When I was a kid growing up in rural Indiana, everyone burned their leaves in the fall. No bagging or mulching, just rake them into a long windrow and set them ablaze. I distinctly remember the first time I was allowed by my late Grandpa Mac to actually tend the fire, when he showed me how you had to continually churn the leaves in order to get them all to burn.
Because they were so tightly compacted, oxygen couldn’t feed the flames below the surface. I marveled at the way the interior of the pile seemed untouched by a blaze that was almost too hot to approach and I learned the value turning things over. At the same time, I came to understand that nothing new had to be introduced in order to perpetuate the fire. Rather than douse the leaves in an accelerant, they just needed to be exposed to a slightly different situation.
So while I would never go as far as to say one coach can make all the difference, hiring Anthony Iapoce may be the Cubs’ way of feeding their club’s guttering fire with fresh air.
“It has to be more about production than talent going forward,” Theo Epstein said during his postmortem press conference, shortly after admitting that the offense had broken at some point in the season. “And beyond that, it’s also trying to understand why we’re not where we should be with some individual players.
“It’s our job not just to assemble a talented group, but to unearth that talent and have it manifest on the field. Are we doing everything we can in creating the right situation to get the most out of these guys?”
Even accounting for my personal confirmation bias in wanting Epstein’s words to reflect my analogy, you have to admit that “unearth that talent” conjures images of turning those leaves over. Or maybe we just set aside any clunky metaphysical conceits and acknowledge that it’s as simple as needing a new message after the old one failed to penetrate beyond the surface.
Chili Davis admitted on his way out of town that he wasn’t able to reach the “millennial players,” which defines everyone on the team if you accept the definition of birth years between 1981-96. By the very practice of throwing out a pejorative generalization like that, Davis exposed some of his own flaws. While there may have been some gripes with what he was saying, maybe the bigger issue came from how he was saying it.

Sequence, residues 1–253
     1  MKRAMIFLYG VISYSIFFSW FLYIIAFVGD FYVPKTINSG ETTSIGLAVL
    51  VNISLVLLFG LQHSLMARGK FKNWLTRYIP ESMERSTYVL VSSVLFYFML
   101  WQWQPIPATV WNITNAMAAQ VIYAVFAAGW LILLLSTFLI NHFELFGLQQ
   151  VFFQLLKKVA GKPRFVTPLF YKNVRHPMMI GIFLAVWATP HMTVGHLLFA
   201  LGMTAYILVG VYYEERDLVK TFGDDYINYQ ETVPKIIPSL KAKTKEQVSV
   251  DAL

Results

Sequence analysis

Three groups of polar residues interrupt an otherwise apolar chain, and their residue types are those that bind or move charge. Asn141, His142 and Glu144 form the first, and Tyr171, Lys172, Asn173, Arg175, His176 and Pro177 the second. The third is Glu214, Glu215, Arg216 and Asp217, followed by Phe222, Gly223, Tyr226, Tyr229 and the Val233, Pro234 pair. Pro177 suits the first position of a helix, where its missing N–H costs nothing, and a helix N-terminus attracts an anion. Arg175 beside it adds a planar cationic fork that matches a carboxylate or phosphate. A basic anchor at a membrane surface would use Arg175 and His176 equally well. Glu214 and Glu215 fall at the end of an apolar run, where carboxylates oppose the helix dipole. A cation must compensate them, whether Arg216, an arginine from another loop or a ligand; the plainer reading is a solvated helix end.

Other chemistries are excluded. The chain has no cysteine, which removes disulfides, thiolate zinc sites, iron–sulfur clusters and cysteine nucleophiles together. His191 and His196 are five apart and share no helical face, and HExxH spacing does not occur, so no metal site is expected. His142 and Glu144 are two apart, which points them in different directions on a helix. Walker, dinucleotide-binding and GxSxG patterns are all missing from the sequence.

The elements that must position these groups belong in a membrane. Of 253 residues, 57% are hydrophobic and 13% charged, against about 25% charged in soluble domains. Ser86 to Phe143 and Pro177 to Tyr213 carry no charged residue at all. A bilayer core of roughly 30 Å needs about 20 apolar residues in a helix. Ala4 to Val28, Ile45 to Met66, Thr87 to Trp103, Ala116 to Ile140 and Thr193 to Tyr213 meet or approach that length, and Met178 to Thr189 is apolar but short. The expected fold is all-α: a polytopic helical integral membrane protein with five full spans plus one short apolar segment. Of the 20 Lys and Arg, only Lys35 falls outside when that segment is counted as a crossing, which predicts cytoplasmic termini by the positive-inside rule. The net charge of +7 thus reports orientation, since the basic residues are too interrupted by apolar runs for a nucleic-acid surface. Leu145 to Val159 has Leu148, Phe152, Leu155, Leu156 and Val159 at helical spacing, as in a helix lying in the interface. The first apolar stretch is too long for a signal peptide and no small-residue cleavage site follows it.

Only the people in that clubhouse know for sure, but there’s a pervasive sense that Davis wasn’t much of a rah-rah guy. He didn’t seem very dynamic, which is a big change from the duo of John Mallee and Eric Hinske that had patrolled the batting cage in previous seasons. From the sound of it, Anthony Iapoce is going to serve as a one-man caffeine boost.
“I drink a lot of coffee,” Iapoce told Jeff Wilson of the Ft. Worth Star-Telegram in 2016. “High-energy, I’ve heard that a lot, and I think that’s just being excited about what you do each day.
The more energy you bring, the more enthusiasm you bring and the better atmosphere you bring, you’re getting the hitters to win every pitch.
“The energy just comes from wanting to show up every day. That’s your job — to bring energy and bring enthusiasm to the players no matter what the score is, no matter if it’s a win or a loss. The more energy you bring, the more enthusiasm you bring and the better atmosphere you bring, you’re getting the hitters to win every pitch.”
Remember, folks, he said this almost three years ago. Now compare that to what Epstein said about his team’s shortcomings this past season.
“[W]e could have done more from Day 1 through 162 as far as a complete sense of urgency every day,” the Cubs’ baseball boss admitted. “Being completely on mission every day. Showing up with that assertiveness and that edge every day to win.”
[W]e could have done more from Day 1 through 162 as far as…[b]eing completely on mission every day. Showing up with that assertiveness and that edge every day to win.
Gee, if I didn’t know any better, I’d say the Cubs re-hired Iapoce because they knew his “good crazy” is exactly what they needed in the clubhouse. Or, more accurately, what they are trying to recapture. Again, this is not a matter of one coach making the difference in a culture that has gone somewhat astray. It’s part of a bigger movement, going up and down the line to turn those leaves over.
Does that mean we may not see as much actual turnover in the roster this winter, that the Cubs will simply look to augment the current core rather than seek out high-priced superstars? Lord knows they’re not lacking for fiery players, with Javy Baez and Willson Contreras headlining the group in that regard. The goal, then, is to maintain a steady burn rather than seeing them go cold in a quarter of their games.
The bottom line is this: Epstein and the rest of his front office — which already has a different look following the departure of assistant GM Shiraz Rehman — are going to do everything they can to avoid the fate they suffered in 2018. You can point to the win total and the last four years or whatever you want, but this isn’t about fixing 95 regular-season wins. It’s about fixing zero postseason wins.
And it’s about making sure that an at-bat in the 5th inning is an important as one in the 9th, that busting your ass on a getaway day in April is just as important as doing so against the Brewers on Sunday Night Baseball in September. Anthony Iapoce isn’t solely responsible for tending to the leaves and maintaining the fire, but he’s a big part of the Cubs’ plan to ensure that we’re not reviewing their 2019 season until much later in October.